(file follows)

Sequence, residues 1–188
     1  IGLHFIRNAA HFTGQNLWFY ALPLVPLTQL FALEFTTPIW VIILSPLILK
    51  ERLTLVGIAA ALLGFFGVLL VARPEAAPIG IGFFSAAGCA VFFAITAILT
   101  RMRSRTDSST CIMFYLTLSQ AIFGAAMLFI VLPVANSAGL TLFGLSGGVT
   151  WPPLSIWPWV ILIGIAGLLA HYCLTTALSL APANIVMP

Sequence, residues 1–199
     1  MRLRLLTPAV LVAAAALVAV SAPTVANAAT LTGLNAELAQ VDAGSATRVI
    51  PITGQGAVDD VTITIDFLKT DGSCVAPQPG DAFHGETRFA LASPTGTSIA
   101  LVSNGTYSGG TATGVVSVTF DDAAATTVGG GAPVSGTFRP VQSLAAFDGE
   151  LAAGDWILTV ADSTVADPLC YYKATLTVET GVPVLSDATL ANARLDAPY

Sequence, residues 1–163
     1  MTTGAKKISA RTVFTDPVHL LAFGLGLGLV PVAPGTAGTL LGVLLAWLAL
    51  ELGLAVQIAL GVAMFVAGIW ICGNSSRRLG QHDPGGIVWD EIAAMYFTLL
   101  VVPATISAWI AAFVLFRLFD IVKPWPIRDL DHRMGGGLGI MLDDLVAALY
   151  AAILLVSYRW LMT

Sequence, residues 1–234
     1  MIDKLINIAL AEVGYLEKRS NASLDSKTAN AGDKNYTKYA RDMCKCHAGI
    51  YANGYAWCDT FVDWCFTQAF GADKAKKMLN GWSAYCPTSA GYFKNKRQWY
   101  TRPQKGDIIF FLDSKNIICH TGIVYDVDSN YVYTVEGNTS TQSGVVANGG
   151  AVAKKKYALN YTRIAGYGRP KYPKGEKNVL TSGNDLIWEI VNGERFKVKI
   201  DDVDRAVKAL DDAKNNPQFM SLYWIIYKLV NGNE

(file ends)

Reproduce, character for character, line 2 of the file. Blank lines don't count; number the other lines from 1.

     1  IGLHFIRNAA HFTGQNLWFY ALPLVPLTQL FALEFTTPIW VIILSPLILK